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Muirey Early Notables (pre 1700)



Notable amongst the family at this time was Robert More II (died 1407), of Pamber, Hampshire, English politician, appointed High Sheriff of Hampshire for 1393-94, elected a Member of Parliament for Hampshire in 1397; Sir William...

Another 35 words (2 lines of text) are included under the topic Early Muirey Notables in all our PDF Extended History products and printed products wherever possible.

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Muirey In Ireland


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Muirey In Ireland



Some of the Muirey family moved to Ireland, but this topic is not covered in this excerpt. Another 155 words (11 lines of text) about their life in Ireland is included in all our PDF Extended History products and printed products wherever possible.

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The Great Migration


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The Great Migration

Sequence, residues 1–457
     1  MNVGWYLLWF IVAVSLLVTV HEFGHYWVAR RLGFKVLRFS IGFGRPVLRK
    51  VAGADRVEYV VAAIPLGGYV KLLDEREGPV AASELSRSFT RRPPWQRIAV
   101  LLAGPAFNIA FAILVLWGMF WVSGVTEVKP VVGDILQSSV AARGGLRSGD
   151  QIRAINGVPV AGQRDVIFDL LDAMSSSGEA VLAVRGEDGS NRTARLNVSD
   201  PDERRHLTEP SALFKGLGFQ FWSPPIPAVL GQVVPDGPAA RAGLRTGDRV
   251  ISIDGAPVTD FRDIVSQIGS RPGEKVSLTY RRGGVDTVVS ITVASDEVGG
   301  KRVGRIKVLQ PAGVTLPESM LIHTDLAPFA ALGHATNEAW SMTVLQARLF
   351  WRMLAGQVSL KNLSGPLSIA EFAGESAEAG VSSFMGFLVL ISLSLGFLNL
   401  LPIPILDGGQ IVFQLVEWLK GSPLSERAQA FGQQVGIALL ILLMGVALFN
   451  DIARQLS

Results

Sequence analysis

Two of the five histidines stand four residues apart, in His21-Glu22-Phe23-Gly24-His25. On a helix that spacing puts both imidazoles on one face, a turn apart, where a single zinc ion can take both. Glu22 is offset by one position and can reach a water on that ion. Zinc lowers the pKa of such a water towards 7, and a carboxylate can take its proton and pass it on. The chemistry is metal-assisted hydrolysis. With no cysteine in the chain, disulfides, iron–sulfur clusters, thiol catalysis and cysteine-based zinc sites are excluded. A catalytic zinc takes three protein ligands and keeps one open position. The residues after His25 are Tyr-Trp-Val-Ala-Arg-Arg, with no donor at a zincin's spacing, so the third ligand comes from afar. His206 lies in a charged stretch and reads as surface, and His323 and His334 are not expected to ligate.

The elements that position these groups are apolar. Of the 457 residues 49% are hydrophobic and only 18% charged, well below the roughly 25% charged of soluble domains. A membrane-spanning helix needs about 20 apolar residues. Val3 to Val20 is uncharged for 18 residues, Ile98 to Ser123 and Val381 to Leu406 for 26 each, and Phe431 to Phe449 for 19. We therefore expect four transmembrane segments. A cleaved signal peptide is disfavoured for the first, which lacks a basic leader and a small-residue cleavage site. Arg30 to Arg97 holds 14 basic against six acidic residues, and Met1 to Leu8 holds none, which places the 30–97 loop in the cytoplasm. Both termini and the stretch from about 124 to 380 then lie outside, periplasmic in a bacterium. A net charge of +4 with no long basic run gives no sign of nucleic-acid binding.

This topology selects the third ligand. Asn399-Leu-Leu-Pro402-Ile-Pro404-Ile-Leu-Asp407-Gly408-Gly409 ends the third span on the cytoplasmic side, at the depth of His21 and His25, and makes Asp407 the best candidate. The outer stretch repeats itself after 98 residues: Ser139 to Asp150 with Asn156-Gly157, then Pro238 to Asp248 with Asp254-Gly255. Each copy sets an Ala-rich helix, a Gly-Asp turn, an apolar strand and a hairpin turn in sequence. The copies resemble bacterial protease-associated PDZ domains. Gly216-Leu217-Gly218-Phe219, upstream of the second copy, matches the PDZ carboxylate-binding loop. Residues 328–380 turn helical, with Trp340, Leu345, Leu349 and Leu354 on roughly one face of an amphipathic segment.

The persecution faced in their homeland left many Scots with little to do but sail for the colonies of North America. There they found land, freedom, opportunity, and nations in the making. They fought for their freedom in the American War of Independence, or traveled north to Canada as United Empire Loyalists. In both cases, they made enormous contributions to the formation of those great nations. Among them: George Muir (Moore) who was banished to New Jersey from Scotland in 1685; James Muir and his wife and children, who settled in Georgia in 1732; Colin Moore, listed as a Scot banished to the American colonies in 1747.

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Motto


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Motto



The motto was originally a war cry or slogan. Mottoes first began to be shown with arms in the 14th and 15th centuries, but were not in general use until the 17th century. Thus the oldest coats of arms generally do not include a motto. Mottoes seldom form part of the grant of arms: Under most heraldic authorities, a motto is an optional component of the coat of arms, and can be added to or changed at will; many families have chosen not to display a motto.

Motto: Duris non frangor